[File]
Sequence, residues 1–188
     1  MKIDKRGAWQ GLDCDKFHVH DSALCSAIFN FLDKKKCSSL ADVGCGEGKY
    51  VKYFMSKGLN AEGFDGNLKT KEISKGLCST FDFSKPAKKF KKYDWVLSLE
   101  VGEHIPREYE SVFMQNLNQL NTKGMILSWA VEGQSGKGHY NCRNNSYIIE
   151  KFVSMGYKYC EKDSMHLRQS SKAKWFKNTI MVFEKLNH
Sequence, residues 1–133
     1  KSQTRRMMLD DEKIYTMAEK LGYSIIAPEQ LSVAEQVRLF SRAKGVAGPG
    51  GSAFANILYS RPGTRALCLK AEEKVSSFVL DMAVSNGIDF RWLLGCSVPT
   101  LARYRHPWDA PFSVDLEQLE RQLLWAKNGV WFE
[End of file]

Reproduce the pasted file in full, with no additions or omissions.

Sequence, residues 1–188
     1  MKIDKRGAWQ GLDCDKFHVH DSALCSAIFN FLDKKKCSSL ADVGCGEGKY
    51  VKYFMSKGLN AEGFDGNLKT KEISKGLCST FDFSKPAKKF KKYDWVLSLE
   101  VGEHIPREYE SVFMQNLNQL NTKGMILSWA VEGQSGKGHY NCRNNSYIIE
   151  KFVSMGYKYC EKDSMHLRQS SKAKWFKNTI MVFEKLNH
Sequence, residues 1–133
     1  KSQTRRMMLD DEKIYTMAEK LGYSIIAPEQ LSVAEQVRLF SRAKGVAGPG
    51  GSAFANILYS RPGTRALCLK AEEKVSSFVL DMAVSNGIDF RWLLGCSVPT
   101  LARYRHPWDA PFSVDLEQLE RQLLWAKNGV WFE